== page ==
As a guide dog owner for some 20 years or more I was surprised to come across this post about service dogs in the USA, (http://aopinionatedman.com/2015/02/07/service-dogs/). In it Opinionated Man questions whether all the dogs described as “service dogs” are, in fact the genuine article. He states his dislike of having an animal sitting in close proximity while eating in a restaurant. In the comments following on from the post a number of people contend that they have seen dogs in shops which, they say where not service animals. In short, according to the post the law as to which constitutes a “service dog” in the USA is lax and/or not properly enforced.
One respondent does, however confirm my understanding of the situation in the USA, namely that federal legislation (The Americans With Disabilities Act) mandates that “service dogs” (known in the UK as “Assistance Dogs”) must be permitted access to food and other premises when accompanied by their owner.
I have no way of knowing whether there exists a big “service dog” scam in the USA with people passing off their pet fido as a well trained “service dog”. If there does indeed exist such a scam then it should be jumped on from a great height by the authorities as those offering fake “service animals” are bringing properly trained guide and other assistance animals into disrepute. However my experience as a guide dog owner in the UK is very different from that portrayed in the above mentioned post. Here the Equalities Act states that guide and other assistance dogs must be permitted entry, when accompanied by their owner to food premises such as restaurants. A guide dog is essential to the blind person’s mobility/independence and the Act recognises this by construing refusal to admit assistance dogs as discrimination. Other than one particularly poor joke I have never come across evidence of non assistance dogs being passed off as properly trained working animals. If this where to happen it would be a clear breech of the law and those perpetrating the scam would be liable to prosecution.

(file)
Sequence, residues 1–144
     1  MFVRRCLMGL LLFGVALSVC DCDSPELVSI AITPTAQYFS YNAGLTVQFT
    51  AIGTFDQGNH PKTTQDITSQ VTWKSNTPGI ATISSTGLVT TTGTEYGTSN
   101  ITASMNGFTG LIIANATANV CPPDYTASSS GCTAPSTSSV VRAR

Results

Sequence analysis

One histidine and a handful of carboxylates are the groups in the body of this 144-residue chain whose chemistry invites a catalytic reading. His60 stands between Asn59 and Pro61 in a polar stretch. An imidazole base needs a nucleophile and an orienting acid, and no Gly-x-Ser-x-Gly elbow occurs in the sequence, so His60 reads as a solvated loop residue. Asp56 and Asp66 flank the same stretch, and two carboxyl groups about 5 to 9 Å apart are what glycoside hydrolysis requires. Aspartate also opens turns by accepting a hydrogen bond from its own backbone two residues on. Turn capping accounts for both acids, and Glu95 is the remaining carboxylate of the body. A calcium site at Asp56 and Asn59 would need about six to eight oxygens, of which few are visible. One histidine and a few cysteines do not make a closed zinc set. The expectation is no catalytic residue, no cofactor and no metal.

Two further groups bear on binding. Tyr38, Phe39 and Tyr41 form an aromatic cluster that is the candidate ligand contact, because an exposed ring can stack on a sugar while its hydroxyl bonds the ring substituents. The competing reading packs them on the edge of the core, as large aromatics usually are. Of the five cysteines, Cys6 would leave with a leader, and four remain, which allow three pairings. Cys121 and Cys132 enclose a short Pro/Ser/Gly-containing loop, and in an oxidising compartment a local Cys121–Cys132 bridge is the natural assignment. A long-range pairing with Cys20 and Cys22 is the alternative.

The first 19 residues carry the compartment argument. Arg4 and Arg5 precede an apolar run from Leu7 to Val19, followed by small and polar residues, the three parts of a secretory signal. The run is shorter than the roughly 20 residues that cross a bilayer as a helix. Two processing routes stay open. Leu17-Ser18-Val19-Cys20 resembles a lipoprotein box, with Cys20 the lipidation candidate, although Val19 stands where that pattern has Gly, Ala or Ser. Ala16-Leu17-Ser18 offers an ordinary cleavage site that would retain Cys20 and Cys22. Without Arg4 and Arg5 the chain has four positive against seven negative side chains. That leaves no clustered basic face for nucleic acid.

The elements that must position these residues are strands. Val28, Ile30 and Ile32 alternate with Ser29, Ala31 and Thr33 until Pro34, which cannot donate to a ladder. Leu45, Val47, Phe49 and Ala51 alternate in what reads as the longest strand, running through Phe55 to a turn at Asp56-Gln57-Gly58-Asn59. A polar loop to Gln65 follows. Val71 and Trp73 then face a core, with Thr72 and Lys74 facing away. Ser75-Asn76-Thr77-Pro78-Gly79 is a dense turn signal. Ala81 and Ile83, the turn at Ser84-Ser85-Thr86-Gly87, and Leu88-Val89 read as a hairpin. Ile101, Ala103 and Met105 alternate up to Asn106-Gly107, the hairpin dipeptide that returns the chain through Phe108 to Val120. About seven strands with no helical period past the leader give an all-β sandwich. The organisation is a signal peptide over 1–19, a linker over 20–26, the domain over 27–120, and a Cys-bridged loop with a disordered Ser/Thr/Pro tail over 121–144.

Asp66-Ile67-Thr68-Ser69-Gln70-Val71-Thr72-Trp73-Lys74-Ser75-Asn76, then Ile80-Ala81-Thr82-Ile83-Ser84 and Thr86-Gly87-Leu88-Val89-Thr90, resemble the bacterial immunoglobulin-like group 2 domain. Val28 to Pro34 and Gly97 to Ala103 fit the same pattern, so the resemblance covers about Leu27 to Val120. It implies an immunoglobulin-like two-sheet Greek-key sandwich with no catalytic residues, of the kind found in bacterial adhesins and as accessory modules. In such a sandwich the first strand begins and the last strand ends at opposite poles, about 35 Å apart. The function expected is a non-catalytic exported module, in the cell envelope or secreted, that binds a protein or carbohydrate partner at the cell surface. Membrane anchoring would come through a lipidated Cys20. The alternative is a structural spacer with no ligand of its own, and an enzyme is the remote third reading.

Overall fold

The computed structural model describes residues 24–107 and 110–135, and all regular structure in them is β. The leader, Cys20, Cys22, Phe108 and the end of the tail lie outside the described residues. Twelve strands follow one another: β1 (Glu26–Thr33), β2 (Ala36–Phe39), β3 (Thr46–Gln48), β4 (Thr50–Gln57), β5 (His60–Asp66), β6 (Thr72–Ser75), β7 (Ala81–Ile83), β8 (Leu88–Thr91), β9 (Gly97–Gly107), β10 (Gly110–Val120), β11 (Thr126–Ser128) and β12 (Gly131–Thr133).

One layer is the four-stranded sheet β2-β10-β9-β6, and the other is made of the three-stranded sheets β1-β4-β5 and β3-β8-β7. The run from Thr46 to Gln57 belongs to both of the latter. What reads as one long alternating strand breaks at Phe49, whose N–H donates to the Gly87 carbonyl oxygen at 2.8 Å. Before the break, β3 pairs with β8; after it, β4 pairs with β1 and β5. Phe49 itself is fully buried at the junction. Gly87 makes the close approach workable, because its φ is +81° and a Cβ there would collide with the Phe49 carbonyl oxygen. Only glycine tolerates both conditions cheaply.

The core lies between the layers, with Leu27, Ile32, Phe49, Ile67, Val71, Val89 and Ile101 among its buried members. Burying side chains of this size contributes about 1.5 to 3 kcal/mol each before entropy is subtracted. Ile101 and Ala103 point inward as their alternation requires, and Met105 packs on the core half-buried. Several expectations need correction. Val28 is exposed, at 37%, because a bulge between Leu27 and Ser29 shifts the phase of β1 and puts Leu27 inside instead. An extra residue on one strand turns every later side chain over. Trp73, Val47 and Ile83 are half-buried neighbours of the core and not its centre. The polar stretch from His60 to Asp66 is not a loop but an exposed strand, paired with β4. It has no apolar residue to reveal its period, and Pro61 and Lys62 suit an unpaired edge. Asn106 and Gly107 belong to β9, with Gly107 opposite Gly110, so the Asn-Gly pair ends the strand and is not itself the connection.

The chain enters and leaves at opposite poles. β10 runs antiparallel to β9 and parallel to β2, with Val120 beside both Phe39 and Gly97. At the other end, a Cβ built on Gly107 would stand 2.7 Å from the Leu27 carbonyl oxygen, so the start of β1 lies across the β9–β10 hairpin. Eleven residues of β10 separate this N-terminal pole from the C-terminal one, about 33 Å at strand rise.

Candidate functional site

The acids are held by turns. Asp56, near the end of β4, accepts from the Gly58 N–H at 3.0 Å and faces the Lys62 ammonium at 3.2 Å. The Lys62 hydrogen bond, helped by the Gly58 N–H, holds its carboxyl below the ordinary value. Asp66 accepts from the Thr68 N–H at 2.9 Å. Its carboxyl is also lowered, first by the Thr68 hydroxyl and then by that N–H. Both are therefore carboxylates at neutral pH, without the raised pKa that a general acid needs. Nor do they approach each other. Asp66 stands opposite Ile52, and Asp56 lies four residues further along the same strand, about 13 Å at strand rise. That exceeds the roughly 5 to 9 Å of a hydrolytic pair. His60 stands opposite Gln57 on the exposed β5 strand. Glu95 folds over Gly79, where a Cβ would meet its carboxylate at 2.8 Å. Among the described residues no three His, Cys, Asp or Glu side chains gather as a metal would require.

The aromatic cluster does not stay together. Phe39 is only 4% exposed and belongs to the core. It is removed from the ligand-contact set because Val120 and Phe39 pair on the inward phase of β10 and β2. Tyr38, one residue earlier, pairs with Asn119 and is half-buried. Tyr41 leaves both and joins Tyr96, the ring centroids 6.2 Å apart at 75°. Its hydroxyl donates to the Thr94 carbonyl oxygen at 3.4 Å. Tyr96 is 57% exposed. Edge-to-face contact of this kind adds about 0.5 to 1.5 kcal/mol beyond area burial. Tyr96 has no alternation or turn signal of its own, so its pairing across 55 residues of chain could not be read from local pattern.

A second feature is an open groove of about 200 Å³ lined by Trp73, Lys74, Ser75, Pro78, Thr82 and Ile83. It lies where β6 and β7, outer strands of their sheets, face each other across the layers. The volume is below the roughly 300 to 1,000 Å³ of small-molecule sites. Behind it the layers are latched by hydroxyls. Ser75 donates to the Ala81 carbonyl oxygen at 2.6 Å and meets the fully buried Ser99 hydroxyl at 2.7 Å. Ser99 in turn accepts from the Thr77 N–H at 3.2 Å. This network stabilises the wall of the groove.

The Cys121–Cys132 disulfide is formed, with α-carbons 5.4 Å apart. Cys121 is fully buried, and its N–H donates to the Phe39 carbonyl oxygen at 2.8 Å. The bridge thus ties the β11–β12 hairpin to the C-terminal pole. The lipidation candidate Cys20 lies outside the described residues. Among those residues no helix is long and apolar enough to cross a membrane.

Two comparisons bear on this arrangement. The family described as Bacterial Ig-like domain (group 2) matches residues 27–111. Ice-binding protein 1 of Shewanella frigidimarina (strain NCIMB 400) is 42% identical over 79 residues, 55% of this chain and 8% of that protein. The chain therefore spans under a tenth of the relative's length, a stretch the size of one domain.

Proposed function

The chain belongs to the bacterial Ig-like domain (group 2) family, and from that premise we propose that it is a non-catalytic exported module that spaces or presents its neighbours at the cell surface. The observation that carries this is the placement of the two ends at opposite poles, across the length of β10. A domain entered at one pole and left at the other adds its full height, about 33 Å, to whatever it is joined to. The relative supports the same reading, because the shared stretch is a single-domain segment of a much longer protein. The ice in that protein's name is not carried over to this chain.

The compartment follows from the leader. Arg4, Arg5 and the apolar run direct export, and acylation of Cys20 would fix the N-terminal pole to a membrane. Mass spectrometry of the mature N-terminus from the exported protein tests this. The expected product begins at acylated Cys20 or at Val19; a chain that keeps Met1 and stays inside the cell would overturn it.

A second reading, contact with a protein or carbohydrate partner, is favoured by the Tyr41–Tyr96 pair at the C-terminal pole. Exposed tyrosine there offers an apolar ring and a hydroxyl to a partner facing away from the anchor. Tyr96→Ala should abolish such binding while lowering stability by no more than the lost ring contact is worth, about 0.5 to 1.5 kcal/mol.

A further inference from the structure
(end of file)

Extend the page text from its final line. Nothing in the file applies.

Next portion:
The problem in the UK revolves around service providers such as taxi firms and restaurants breaking the law by refusing entry to owners accompanied by their assistance dogs. It does not concern people trying to pass off their pet pooch as a genuine assistance dog. I know because I have been on the receiving end of such refusals on numerous occasions, (for the most recent example which entails a taxi firm refusing to convey me with my guide dog Trigger please see http://newauthoronline.com/2014/12/09/discrimination-by-taxi-driver-who-refused-to-convey-me-with-my-guide-dog-trigger/). Sadly I am far from being unique. Speaking to the Guide Dogs For The Blind Association (the UK charity which trains guide dogs) and to fellow guide dog owners, I hear stories of refusals of entry by restaurants and other premises together with instances of taxi firms refusing to convey owners accompanied by their very highly trained guide dogs).
Refusal to admit assistance dogs has the effect of preventing their owner from accessing services which others take for granted. It is treating people who rely on their assistance animals as second class citizens and it is wholly unacceptable.
In conclusion I understand the concern regarding any old mut being passed off as a service dog and/or assistance dog. However the problem of scams pails into insignificance when compared to the discrimination faced by disabled assistance dog owners. We must not allow genuine concerns about service dog scams to blind us to the real problem, that of discrimination.